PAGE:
Gastric Acid Suppressants May Up Risk of Recurrent C. difficile
Meta-analysis shows increased risk of recurrent CDI, even after adjustment for age and confounders
MONDAY, March 27, 2017 (HealthDay News) -- Use of gastric acid suppressants may increase the risk of recurrent Clostridium difficile infection (CDI), according to a meta-analysis published online March 27 in JAMA Internal Medicine.
Raseen Tariq, M.B.B.S., from the Mayo Clinic in Rochester, Minn., and colleagues conducted a systematic review and meta-analysis to examine the correlation between gastric acid suppressants and recurrent CDI. Data were included from 16 observational studies, reporting 7,703 patients with CDI.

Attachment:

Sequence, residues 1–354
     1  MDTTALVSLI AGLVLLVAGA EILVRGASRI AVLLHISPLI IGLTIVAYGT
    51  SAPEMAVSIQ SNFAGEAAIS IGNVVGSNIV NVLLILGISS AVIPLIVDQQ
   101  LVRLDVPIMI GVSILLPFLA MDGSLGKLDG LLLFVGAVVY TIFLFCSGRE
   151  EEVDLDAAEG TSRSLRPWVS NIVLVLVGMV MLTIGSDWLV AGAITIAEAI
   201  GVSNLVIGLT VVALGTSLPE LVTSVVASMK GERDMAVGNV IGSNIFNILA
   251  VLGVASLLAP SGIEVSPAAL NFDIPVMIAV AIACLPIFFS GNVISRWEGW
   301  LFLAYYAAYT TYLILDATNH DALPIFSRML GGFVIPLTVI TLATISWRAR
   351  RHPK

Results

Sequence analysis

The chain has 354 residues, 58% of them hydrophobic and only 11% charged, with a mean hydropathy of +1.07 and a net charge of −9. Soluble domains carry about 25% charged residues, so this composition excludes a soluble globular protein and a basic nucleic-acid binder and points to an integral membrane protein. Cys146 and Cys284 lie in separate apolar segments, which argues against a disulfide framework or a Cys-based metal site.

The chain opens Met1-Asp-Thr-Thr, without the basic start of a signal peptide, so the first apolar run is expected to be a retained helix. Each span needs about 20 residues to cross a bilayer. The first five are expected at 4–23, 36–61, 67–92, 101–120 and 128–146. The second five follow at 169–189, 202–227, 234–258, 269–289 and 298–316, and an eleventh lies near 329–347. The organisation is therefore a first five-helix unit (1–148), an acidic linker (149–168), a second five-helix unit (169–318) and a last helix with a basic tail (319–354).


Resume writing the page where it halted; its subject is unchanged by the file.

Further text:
Overall, 19.8 percent of patients with CDI developed recurrent CDI. The researchers found that the rate of recurrent CDI was 22.1 and 17.3 percent among patients with and without gastric acid suppression, respectively, indicating an increased risk by meta-analysis (odds ratio, 1.52). Significant heterogeneity was seen among the studies (I² = 64 percent). After adjustment for age and potential confounders, the increased risk of recurrent CDI with use of gastric acid suppressants was confirmed (odds ratio, 1.38).
"Meta-analyses of observational studies suggest that patients who receive gastric acid suppressants may be at increased risk for recurrent CDI," the authors write. "These data should be interpreted with caution because they may be confounded owing to the observational design of the individual studies."